California Has A Budget – Minnesota Has A Shutdown
California and Minnesota: same budget battles, but different outcomes.
In both states, Republicans have refused to give in. In California, Republicans successfully fought off Brown’s months-long effort for a budget that included extending tax increases, so over the weekend, he turned to the Legislature’s Democrats, whose budget he had vetoed earlier this month, to hammer out a budget compromise they could approve on their own.
In Minnesota, a Democratic governor who sought to raise taxes on the wealthiest residents bumped heads with a Republican-controlled legislature, and their protracted budget impasse shut down state government just after midnight on Friday.
The California Budget Deal
Governor Jerry Brown signed a California budget on Thursday, June 30, approved by the legislature, that prescribes $15 billion in spending cuts in a bid to alleviate the crisis in the deficit-ridden state.
It was the first time in years that California has adopted its budget almost on time. Last year, lawmakers passed the budget of the richest and most populated state in October, three months late.
The sacrifices needed to bridge a $26.6 billion deficit will be very significant this year. Brown’s office noted that the cuts meant California’s public expenses as a share of the economy were now at their lowest levels since 1972-73.
Poor people will receive less medical care and welfare, disabled people will see fewer services, state parks will close and public university students will pay more in California under the budget that takes effect Friday.
But also Friday, the state sales tax will decrease from 8.25 percent to 7.25 percent and vehicle licensing fees will drop by almost half. Combined with the taxes that expired in January, an average California family will pocket about $1,000 this year.
Those are just some of the impacts of the new budget, which Gov. Jerry Brown finished signing today to close the state’s $26.6 billion deficit. Before he finished signing, Brown used his line-item veto authority to cut millions more dollars in spending for courts, transportation and educational oversight programs.
Meanwhile, In Minnesota
The broadest shutdown of state services in Minnesota’s history will begin early Friday, Governor Mark Dayton indicated late Thursday after intense talks over a new budget broke down among the state’s leaders.
Since early this year, politicians in St. Paul have been locked in a battle over how to work out a $5 billion budget deficit under a divided government. Republicans, who took control of both chambers of the Legislature after elections last year, called for cuts and reining in spending to the $34 billion that the state expected to take in over the next two years. But Mr. Dayton, a Democrat who was also elected in 2010, called for collecting more in income taxes from the very highest earners to spare cuts in services to the most vulnerable residents.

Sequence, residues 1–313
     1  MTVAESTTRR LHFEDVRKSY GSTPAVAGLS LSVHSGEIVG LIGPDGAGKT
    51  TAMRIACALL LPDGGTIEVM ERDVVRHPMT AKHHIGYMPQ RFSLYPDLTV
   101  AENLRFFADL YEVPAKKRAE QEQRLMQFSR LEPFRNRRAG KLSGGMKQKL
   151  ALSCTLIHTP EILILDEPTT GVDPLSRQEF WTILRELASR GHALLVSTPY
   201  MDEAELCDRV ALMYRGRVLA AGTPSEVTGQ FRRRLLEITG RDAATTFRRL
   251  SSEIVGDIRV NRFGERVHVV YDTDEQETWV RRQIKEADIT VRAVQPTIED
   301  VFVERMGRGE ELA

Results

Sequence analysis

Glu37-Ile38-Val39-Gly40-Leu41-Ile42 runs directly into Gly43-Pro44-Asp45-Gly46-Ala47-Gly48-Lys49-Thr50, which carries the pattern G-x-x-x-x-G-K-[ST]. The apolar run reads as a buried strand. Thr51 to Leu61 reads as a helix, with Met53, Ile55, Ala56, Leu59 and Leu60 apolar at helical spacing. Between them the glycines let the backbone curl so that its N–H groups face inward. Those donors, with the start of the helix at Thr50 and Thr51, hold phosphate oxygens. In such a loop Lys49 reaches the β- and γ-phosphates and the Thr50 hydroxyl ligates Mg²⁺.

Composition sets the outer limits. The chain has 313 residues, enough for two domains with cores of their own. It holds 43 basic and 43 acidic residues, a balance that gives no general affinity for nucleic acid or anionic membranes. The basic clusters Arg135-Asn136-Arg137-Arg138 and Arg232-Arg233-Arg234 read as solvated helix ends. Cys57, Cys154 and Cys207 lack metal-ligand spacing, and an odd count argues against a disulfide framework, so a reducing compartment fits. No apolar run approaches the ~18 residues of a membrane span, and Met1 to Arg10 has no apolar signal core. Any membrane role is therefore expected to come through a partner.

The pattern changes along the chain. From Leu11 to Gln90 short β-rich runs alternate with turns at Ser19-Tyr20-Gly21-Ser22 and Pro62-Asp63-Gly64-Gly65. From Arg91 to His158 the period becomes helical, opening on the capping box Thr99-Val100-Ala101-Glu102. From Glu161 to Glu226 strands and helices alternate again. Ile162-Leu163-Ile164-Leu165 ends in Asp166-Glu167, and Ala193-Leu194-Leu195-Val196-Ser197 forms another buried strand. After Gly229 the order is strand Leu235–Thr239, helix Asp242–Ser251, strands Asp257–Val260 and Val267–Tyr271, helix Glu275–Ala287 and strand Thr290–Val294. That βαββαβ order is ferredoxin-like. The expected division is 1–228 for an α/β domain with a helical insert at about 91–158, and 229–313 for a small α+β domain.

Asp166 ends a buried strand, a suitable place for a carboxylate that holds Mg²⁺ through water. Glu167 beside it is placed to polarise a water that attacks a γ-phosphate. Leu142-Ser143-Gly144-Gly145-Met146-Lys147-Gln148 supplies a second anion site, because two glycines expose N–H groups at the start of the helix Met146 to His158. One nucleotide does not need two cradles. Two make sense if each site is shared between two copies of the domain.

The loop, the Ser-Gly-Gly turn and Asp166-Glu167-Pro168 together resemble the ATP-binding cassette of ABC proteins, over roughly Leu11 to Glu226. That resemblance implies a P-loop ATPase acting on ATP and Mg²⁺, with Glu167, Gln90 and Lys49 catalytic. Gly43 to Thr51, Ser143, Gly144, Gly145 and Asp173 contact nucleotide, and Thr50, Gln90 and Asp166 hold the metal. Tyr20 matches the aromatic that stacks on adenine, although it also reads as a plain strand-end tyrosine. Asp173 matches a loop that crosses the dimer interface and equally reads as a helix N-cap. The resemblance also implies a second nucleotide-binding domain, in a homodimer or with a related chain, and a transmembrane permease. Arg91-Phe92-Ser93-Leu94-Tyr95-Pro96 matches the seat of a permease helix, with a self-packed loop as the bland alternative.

From The Washington Times:
Both sides spent weeks negotiating over how to deal with a projected $5 billion deficit. The talks, which continued in secret Thursday, included marathon sessions over the past seven days between Democrat-Farmer-Labor PartyGov. Mark Dayton and key lawmakers, trying to work through differences and create a compromise two-year state budget. But no such luck.
While Republican lawmakers put on a confident front Thursday afternoon and staged a symbolic sit-in in the legislative chambers, Mr. Dayton emerged from the statehouse Thursday evening telling reporters that a budget agreement was unlikely.
The governor, in a news conference late Thursday night, said he was committed to making it right, even as he defended his position, calling suggested Republican budget cuts Draconian. He described Thursday as “a night of deep sorrow.”
“I will continue tonight, tomorrow and however long it takes to find a fair and balanced compromise,” Mr. Dayton said, noting real progress had been made in the past few days but a fundamental divide over the revenue gap kept them from resolution.
“One basic difference remains. They don’t want to raise revenues on anyone and I believe the wealthiest Minnesotans can afford to pay more taxes.”
This dynamic is one which is apparently being repeated all over the country, at the state and national levels. Indeed, this statement mirrors almost exactly what President Obama reiterated today. Let’s hope he has better luck than Governor Mark Dayton.
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